History has shown how foreign powers time and time again have exploited Iran’s energy resources henceforth; there is little chance that Chinese investments are going to change the circumstances of the country for the better. Neither improving Iran’s railroads, or its manufacturing capabilities is in any way or shape or form is going to help the Iranian public’s dire situation.
Besides the U.S sanctions, the high unemployment and the debased standards of living are owing to the major problem of hoarding wealth. According to the data, ultra-rich Iranians, which consists of 10 per cent of the 80 million population, spends 86 times in comparison to the rest of the Iranian people. Also, many of these super-rich Iranians also possess intimate links with the Iranian regime. Thus, bringing China into the country and building infrastructure is not going to help the situation because the problem is not infrastructure, modernization or increase in the production of goods instead, the main issue is the distribution of wealth in the country.
This deal also shows that Iran is trying to signal the United States for the elimination of U.S sanctions. Last year’s attacks on Abqaiq oil fields was also a desperate attempt by the Iranian regime to persuade the U.S in removing the sanctions. Iran desires a type of an agreement that can somehow benefit both the U.S and the Clerical regime, but the Trump Administration does not seem to be interested. The U.S is only interested in putting an end to Iran’s malign activities in the region and its involvement in conflicts within Syria and Yemen, which the previous JCPOA was not designed to do, and thus, the maximum pressure strategy has been implemented by the Trump administration.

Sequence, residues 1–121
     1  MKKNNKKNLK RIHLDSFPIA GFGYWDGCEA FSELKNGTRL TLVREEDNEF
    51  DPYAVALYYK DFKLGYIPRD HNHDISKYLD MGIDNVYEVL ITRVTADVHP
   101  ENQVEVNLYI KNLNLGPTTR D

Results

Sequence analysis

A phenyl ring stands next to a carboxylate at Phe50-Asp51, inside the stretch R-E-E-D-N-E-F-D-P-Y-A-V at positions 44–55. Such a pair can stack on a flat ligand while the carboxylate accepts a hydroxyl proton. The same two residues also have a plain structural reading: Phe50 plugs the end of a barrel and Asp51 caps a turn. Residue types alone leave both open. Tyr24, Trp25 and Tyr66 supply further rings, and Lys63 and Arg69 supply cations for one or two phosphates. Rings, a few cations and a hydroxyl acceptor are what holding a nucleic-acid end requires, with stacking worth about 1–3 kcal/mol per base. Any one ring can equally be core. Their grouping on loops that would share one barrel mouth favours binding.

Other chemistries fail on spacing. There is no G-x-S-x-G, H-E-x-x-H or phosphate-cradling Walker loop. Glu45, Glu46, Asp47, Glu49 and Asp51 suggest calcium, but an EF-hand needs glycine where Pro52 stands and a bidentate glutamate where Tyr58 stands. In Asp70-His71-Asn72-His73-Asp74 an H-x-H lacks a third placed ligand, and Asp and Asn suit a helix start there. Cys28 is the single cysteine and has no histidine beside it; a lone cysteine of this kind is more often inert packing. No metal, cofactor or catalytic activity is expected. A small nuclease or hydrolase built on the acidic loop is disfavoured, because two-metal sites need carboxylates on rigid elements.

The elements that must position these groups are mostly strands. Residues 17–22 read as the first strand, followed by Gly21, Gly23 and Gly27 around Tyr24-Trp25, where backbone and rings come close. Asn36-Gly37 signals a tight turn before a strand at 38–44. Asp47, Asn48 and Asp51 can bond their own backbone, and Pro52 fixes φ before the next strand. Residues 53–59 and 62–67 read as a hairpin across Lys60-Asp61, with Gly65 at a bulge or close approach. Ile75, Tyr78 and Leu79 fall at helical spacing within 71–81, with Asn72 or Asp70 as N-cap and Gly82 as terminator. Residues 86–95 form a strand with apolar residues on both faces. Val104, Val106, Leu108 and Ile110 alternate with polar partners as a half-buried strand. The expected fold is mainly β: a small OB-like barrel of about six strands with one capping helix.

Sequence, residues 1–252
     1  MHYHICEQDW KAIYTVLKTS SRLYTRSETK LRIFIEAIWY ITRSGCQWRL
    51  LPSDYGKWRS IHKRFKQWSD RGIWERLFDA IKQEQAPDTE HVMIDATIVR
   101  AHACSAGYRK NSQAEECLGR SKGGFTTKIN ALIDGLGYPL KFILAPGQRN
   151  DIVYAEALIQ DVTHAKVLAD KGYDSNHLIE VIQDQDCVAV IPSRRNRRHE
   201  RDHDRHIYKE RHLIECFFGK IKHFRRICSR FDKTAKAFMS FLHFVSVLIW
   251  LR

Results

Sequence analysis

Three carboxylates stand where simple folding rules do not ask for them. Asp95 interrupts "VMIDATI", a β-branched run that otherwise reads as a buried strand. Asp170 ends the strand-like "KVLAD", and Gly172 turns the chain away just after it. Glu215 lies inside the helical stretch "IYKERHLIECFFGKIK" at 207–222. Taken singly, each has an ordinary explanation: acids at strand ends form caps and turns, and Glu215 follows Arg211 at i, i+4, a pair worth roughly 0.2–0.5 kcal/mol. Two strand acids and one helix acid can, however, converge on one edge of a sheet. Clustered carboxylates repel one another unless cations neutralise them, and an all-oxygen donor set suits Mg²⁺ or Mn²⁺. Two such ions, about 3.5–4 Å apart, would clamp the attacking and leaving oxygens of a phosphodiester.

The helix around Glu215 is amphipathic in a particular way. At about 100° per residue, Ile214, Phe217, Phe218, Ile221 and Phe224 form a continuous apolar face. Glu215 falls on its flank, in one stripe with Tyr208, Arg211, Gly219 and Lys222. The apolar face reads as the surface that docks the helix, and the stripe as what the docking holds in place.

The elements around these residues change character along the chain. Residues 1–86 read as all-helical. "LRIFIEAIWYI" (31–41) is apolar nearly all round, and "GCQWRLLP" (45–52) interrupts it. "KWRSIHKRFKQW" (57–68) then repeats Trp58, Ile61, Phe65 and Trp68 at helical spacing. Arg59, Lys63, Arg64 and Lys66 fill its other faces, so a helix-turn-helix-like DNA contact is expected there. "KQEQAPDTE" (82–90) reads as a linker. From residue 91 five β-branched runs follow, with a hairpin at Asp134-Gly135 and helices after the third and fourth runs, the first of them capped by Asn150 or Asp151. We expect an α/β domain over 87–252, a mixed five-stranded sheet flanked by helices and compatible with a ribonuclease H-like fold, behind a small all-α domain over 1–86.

In conclusion, the U.S maintains the upper hand since China does not have the necessary tools to challenge the U.S in the Middle East. Till now China has not even been able to challenge Washington within its region- South East Pacific. Therefore, the Middle East remains a pipe dream for the Chinese. As for Iran, it is trapped in a quagmire where there is hardly any space to escape the shackles of U.S pressure.
Furthermore, there is no insurance that Iran would not be exploited by China in the foreseeable future, which would place the country under an entirely new level of financial strain. There is also a lack of significant backlash from Washington regarding the deal, which goes to demonstrate the significance it poses towards the American superpower. Even though today’s U.S is in a period of decline, the U.S will remain a formidable power for years to come. This is simply because much more is required to challenge the U.S hegemony.